Kyzik was not well known in Republican activist circles. In fact, Kyzik was not even his real name, according to a review of business and academic records, as well as interviews with family members.
He is Alex Kuzmenko, a 33-year-old architect and who lives in a second-story apartment in Meridian, a bedroom community outside the majority-Democratic city of Boise. His YouTube channel featured luxury car reviews before shifting to pro-Trump memes and videos several months ago. He and members of his family — immigrants from Belarus and Ukraine — had almost no political profile before organizing one of the most consequential pro-Trump demonstrations of the summer.
The shooting of Aaron “Jay” Danielson, 39, a supporter of the far-right group Patriot Prayer and a participant in the cruise rally, became a bloody bookend to an anguished summer in Portland and other communities. The alleged assailant, a self-described adherent of antifascism, or antifa, was later killed in an encounter with police.
The killings turned the cruise rally into a spectacle of American disorder. The episode elevated a tactic — proclaiming a political ideology with a parade of people revving their engines and openly displaying guns — that could add fuel to an increasingly bitter presidential contest.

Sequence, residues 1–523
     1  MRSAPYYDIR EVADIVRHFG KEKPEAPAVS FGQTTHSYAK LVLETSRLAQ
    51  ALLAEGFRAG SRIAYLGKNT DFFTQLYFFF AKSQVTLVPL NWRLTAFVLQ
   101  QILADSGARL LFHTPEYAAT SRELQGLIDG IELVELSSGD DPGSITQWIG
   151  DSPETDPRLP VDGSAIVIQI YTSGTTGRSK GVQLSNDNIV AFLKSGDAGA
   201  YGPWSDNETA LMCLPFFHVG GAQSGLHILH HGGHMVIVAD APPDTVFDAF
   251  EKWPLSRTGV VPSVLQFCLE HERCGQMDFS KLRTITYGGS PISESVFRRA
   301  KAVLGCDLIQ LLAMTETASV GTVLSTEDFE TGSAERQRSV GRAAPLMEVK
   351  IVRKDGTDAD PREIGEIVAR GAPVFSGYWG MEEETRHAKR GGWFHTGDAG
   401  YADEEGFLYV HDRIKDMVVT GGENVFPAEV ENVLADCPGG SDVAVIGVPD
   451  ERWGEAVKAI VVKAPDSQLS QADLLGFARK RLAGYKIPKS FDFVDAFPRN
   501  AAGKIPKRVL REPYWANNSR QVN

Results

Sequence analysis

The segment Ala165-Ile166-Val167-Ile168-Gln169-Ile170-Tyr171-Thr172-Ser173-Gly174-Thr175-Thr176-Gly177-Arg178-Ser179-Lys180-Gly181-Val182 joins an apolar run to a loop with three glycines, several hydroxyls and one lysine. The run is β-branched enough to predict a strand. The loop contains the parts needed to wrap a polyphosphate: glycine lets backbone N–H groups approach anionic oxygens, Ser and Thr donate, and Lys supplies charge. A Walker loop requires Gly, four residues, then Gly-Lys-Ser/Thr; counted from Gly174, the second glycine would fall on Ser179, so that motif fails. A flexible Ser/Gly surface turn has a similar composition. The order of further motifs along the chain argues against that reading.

As intelligence officials warn of foreign efforts to inflame divisions ahead of the Nov. 3 election, the work of Alex Kuzmenko and his relatives, who organized the activities using online accounts that did not reveal their full names, shows how little-known individuals with no recorded history of political engagement can seize an outsize role in the campaign.
With little more than a Facebook log-in, private citizens have been able to tap into an existing appetite for protest and partisan faceoff. As with the teenage gunman in Kenosha, Wis., or the black-clad protesters in Portland, street-level confrontations have become defining moments in the era of viral politics, at times eclipsing the official activities of Trump and his Democratic opponent, Joe Biden.
Kuzmenko, who declined to comment at length for this story, has said publicly that it was not his intention for cruise participants to confront protesters directly, or for the caravan to end in violence. The goal, his family members said in interviews, was simply to show support for the president.
But coverage of the caravan took on a life of its own, becoming fodder for conspiracy and propaganda outlets. The Epoch Times, a pro-Trump publication barred from advertising on Facebook because of nontransparent spending practices, featured Kuzmenko, referring to him by his alternate name, in its live coverage of the event on social media.
“MAGA is heading into Portland,” right-wing provocateur Jack Posobiec, a correspondent for the pro-Trump One America News, wrote on Twitter. The tweet was shared the next morning by Trump, who added, “GREAT PATRIOTS!”
Video of the cruise rally and its chaotic entry into downtown Portland was also promoted by the Kremlin-financed RT, along with lesser-known, U.S.-based outlets seeking to improve relations with Moscow.